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artificial islands.  A floating city to challenge climate change.

artificial islands. A floating city to challenge climate change.

This is what Oceanix should look like against the Busan skyline.


If the sea level continues to rise, then the big cities should not retreat. A new concept proposes floating cities instead.

In the future, megacities threatened by sea-level rise will not be able to isolate themselves more and more from the approaching waters, but instead will make the best use of the situation. This is how the Oceanix concept can be described, where cities should expand into the sea.

Oceanix was founded by an American startup of the same name in collaboration with UN-Habitat, the United Nations housing programme. advanced. Here, floating platforms are placed in the bodies of water in front of the existing cities. Construction of the first “model” city is scheduled to begin as early as 2023 in Busan, South Korea’s second largest city.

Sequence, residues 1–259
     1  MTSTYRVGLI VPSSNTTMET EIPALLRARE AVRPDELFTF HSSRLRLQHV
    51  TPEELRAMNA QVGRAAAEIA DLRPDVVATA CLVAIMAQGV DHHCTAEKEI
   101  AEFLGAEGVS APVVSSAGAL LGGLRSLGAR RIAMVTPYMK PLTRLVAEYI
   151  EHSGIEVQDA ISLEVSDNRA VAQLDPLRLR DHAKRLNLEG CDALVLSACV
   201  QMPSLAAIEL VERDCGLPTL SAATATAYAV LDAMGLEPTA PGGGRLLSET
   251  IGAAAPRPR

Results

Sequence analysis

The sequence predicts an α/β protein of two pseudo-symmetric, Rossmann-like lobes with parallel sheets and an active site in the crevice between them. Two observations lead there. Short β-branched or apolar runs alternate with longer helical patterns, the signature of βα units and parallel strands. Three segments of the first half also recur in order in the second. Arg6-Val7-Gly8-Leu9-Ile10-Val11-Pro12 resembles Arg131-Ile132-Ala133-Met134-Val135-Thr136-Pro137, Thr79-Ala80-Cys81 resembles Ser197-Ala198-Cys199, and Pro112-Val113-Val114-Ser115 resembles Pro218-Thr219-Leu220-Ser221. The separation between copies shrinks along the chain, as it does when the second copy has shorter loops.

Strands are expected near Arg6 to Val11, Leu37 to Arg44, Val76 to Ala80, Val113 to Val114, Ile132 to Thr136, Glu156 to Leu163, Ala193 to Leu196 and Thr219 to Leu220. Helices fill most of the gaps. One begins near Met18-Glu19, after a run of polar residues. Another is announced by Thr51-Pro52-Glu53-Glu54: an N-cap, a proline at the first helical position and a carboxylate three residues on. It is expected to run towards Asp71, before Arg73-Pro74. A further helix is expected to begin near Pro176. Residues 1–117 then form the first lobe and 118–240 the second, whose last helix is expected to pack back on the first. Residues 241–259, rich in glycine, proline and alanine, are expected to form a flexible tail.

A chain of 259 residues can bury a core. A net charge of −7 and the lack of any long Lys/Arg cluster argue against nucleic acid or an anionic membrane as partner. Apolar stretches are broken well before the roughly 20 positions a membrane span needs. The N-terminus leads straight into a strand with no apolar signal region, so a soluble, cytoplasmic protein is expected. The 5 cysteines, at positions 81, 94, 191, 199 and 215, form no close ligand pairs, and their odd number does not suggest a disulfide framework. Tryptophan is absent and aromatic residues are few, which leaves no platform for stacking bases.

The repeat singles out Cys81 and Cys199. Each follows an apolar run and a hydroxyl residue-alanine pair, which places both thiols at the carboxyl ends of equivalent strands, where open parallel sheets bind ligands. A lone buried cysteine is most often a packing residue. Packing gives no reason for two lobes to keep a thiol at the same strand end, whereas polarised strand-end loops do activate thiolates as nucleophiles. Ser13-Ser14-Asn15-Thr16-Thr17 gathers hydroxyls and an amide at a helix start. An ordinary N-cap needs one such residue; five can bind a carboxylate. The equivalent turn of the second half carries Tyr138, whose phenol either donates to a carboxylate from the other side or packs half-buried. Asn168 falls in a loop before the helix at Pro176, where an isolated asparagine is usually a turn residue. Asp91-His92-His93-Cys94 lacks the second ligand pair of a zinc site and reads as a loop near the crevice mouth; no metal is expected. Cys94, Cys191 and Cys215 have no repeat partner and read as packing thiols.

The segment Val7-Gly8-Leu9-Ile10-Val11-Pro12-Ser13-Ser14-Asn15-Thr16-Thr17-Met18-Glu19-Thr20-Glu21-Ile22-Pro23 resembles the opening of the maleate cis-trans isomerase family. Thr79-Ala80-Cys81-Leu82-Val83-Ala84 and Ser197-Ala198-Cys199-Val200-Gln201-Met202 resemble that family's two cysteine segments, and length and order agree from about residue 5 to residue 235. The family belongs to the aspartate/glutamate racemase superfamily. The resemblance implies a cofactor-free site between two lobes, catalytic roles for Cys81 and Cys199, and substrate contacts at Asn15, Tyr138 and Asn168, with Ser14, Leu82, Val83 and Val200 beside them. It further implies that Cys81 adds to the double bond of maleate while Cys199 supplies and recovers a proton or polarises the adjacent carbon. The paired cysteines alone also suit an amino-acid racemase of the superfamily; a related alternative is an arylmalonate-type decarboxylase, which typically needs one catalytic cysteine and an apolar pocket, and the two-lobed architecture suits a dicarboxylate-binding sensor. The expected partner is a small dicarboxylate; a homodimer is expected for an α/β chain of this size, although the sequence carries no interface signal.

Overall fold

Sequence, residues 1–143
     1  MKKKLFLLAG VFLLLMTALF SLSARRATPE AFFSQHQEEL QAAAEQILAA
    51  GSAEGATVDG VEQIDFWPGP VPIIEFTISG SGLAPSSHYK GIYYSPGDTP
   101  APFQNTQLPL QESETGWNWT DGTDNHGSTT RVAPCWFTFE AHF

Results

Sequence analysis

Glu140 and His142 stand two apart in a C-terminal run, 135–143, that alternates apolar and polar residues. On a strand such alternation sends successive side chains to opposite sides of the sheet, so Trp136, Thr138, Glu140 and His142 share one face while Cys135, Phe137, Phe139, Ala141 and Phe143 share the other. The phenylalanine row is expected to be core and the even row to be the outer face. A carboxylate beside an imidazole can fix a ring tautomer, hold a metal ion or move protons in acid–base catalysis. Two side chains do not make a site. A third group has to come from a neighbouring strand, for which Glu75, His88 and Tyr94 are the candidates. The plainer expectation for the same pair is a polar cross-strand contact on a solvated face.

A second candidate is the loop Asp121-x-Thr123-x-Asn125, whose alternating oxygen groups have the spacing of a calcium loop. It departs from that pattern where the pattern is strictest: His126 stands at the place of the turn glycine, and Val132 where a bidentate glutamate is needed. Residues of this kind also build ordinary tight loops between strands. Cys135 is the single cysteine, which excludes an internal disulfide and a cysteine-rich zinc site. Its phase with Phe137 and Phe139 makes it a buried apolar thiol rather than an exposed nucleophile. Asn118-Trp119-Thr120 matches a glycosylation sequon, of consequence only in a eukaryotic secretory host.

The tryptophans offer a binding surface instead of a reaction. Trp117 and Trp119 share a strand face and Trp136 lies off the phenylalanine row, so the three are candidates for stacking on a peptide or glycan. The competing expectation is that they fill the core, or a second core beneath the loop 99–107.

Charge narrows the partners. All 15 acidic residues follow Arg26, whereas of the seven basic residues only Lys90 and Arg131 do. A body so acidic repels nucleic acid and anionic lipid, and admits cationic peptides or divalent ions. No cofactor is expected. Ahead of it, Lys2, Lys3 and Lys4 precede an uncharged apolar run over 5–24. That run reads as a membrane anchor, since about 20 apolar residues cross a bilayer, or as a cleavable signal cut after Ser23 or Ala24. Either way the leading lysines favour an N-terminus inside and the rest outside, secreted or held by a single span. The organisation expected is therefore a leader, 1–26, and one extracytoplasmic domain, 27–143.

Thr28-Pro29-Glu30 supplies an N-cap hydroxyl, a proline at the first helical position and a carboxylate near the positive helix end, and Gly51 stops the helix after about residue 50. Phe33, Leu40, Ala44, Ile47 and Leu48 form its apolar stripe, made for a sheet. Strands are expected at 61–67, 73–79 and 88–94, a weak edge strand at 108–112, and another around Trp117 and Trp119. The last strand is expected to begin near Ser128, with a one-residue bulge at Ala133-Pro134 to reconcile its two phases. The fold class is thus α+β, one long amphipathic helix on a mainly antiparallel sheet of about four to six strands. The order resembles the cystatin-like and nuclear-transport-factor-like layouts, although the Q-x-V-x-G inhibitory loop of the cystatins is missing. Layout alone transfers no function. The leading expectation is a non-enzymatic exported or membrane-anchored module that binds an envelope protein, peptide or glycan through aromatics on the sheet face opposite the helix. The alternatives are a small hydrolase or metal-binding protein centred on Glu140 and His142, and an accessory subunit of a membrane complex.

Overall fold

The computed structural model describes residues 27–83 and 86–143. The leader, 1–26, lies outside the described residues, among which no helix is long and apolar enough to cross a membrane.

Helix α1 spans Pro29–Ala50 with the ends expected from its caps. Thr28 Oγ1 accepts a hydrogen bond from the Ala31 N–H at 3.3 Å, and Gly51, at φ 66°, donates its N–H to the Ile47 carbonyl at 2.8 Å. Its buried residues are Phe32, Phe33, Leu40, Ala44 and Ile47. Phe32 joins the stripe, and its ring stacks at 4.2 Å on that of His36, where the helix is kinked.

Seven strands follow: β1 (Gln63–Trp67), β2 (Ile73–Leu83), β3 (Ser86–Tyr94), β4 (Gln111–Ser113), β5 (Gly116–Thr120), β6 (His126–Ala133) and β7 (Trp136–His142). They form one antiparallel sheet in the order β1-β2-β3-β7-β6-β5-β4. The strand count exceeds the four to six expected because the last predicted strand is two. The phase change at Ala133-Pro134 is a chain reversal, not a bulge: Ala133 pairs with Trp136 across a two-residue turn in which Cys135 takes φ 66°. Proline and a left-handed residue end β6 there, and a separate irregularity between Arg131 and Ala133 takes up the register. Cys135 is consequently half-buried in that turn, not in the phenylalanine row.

marine mineral cement

In the first phase, Oceanix Busan will cover an area of ​​6.2 hectares and provide space for 12,000 people. The concept initially envisions three floating platforms connected by bridges on which people can live and work.

Pallets must have a base made of Biorock. Biorock is a cement building material consisting of minerals obtained from sea water. The platforms will be anchored to the sea floor but are built flexible enough to handle fluctuating water levels and will survive storm surges.

In addition to these main platforms, there are also several smaller platforms intended to support the floating city. Greenhouses or solar power plants, for example, will then be placed on them. This is how Oceanix Busan must be able to meet its own needs.

They are all completely sustainable

Of course, the entire city must also operate in a completely sustainable manner. Water and waste must be completely recycled. The buildings are said to be constructed of light wood such as bamboo. Cars are prohibited in the floating city, and the means of movement must be feet and bicycles.

Oceanix states that construction costs are $627 million, which sounds pretty cheap. Two years of construction are planned, with the floating city ready for occupancy in 2025. Later, expansions could create space for a total of 100,000 people.